Thank you, emergency responders
Throughout the course of this year, I have had the opportunity to meet many first-responders in the fire service, emergency medical services, law enforcement and emergency management through the Governor's Capitol for a Day initiative. I continue to be humbled and awed by your service and commitment to your communities. As 2018 ends, I would like to say thank-you to responders and those who support them for all they do. No one becomes an emergency responder to get rich. In fact, most responders are not paid for the time they spend responding to emergencies, nor for the countless hours they spend training for that purpose. Most people know there are very few paid firefighters or Emergency Medical Technicians in Vermont. Most departments are run by volunteer chiefs and staffed with volunteers who are willing to donate their time. Volunteer and career firefighters, police, EMTs and other professionals not only respond to emergencies but go through hours upon hours of training to ensure their own safety and the safety of those they serve.
The same goes for the voices on the other end of the line when you call 9-1-1. Emergency Communication Dispatchers work in a high stress environment every day, and these highly trained professionals perform their duties with distinction. The families of these responders also play an important role, holding down the fort at home during emergencies that sometimes happen at night, on weekends, or during holidays, often without much notice. Others give their time in the name of public safety in other ways. Every municipality in Vermont has an Emergency Management Director or Coordinator who is directly responsible for the organization, administration, and coordination of local emergency management. EMDs work to ensure disaster responses in their town are coordinated, and that the town has the physical tools it needs to respond to any number of emergencies. The Department of Public Safety understands the sacrifices of responders and the importance of supporting them. Vermont Emergency Management and the Division of Fire Safety facilitate and conduct free training throughout the year and administer federal grants for response organizations. The Vermont State Police, through the state Homeland Security Unit, also provides funding so response agencies can equip themselves to protect the lives of the public. Most firefighters and EMTs in Vermont are volunteers, and more are always needed. I would be remiss if I didn't encourage anyone who has ever thought about finding a role in emergency response to reach out to her or his local fire department or ambulance squad. You could support the department administratively, work on vehicles, maintain equipment, or attend to other duties depending upon your department's specific needs. Once again, on behalf of the entire Department of Public Safety, I express my sincere gratitude to all emergency responders for the work you do and the sacrifices you make. We are all better off for your efforts.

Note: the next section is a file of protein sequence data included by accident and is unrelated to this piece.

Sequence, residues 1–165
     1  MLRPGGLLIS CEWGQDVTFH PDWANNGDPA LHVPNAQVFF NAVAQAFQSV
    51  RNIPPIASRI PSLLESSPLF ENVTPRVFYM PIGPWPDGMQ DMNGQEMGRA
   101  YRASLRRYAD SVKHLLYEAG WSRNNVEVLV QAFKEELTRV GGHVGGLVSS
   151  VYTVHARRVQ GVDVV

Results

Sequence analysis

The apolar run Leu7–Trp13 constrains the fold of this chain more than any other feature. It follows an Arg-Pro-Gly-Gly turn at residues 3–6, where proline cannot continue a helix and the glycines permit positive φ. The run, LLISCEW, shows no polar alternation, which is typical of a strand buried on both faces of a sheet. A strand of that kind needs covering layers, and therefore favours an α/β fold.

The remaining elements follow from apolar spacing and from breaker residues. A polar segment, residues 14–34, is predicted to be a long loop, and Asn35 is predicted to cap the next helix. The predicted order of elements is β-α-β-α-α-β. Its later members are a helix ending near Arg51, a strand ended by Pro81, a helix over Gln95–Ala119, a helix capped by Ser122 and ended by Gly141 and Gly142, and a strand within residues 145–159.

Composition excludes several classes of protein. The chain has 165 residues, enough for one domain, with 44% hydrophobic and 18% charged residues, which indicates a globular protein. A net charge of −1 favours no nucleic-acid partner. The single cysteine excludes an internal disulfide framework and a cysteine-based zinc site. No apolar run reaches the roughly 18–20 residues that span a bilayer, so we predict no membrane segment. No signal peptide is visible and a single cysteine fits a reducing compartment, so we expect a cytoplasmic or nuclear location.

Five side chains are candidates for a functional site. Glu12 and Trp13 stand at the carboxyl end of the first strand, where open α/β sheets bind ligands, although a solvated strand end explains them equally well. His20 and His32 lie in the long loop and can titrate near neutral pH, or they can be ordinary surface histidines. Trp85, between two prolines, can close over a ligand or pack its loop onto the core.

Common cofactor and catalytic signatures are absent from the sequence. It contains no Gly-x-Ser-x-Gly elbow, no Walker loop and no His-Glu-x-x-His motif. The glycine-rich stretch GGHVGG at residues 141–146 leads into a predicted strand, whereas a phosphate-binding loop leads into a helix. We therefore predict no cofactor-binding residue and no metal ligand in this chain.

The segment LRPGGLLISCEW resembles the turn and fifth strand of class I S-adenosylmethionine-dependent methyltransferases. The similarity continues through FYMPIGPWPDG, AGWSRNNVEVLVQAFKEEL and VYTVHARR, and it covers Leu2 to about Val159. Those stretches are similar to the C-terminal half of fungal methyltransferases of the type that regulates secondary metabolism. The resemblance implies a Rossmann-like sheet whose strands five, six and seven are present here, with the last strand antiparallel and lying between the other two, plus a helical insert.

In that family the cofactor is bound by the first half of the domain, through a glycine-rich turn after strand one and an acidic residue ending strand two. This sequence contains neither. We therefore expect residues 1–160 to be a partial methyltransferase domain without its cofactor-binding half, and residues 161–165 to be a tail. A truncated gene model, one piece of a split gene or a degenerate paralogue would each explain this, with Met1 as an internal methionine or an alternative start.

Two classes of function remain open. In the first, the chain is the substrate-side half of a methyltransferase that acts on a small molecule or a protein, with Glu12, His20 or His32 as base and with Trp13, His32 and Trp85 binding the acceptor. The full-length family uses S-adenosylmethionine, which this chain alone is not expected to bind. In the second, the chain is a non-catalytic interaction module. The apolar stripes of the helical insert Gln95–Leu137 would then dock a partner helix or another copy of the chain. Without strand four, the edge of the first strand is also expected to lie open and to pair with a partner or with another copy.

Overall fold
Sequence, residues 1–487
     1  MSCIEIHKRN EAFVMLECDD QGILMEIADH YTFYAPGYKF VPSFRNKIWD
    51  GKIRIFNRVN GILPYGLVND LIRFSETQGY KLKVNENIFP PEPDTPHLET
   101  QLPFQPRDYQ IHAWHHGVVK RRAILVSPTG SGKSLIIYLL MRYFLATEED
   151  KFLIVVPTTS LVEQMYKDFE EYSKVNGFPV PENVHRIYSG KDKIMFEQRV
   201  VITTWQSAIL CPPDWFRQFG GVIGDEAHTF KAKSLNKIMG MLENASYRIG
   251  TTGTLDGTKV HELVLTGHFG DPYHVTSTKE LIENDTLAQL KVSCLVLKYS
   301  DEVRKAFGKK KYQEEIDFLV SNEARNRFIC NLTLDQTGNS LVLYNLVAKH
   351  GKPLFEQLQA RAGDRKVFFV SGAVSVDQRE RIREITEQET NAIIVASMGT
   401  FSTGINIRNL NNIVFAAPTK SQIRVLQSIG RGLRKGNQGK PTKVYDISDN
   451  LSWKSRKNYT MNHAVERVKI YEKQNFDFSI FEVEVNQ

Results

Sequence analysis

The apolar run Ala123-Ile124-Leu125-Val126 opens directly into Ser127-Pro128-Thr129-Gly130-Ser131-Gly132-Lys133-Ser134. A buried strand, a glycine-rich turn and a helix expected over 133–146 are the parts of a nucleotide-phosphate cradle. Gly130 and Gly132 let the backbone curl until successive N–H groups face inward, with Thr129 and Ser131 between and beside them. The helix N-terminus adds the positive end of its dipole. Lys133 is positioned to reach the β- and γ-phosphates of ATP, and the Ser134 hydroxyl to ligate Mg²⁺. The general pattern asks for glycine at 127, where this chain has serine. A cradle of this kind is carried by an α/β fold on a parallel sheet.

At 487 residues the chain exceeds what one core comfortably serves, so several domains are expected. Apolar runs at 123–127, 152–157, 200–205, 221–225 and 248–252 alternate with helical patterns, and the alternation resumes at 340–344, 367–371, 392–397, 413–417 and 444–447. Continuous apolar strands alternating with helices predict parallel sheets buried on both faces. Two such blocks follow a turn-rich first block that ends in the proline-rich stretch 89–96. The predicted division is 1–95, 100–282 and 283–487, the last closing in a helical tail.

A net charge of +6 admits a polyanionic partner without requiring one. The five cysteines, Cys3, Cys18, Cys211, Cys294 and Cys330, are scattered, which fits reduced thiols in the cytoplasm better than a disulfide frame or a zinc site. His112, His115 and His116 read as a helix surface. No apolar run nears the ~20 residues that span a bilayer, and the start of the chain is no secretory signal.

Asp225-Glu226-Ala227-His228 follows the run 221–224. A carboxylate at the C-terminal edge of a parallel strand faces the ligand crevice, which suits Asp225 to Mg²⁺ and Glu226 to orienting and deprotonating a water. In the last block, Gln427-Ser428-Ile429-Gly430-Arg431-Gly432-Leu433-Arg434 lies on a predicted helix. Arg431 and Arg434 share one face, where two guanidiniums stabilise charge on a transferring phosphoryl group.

Thomas Anderson is the commissioner of the Vermont Department of Public Safety.
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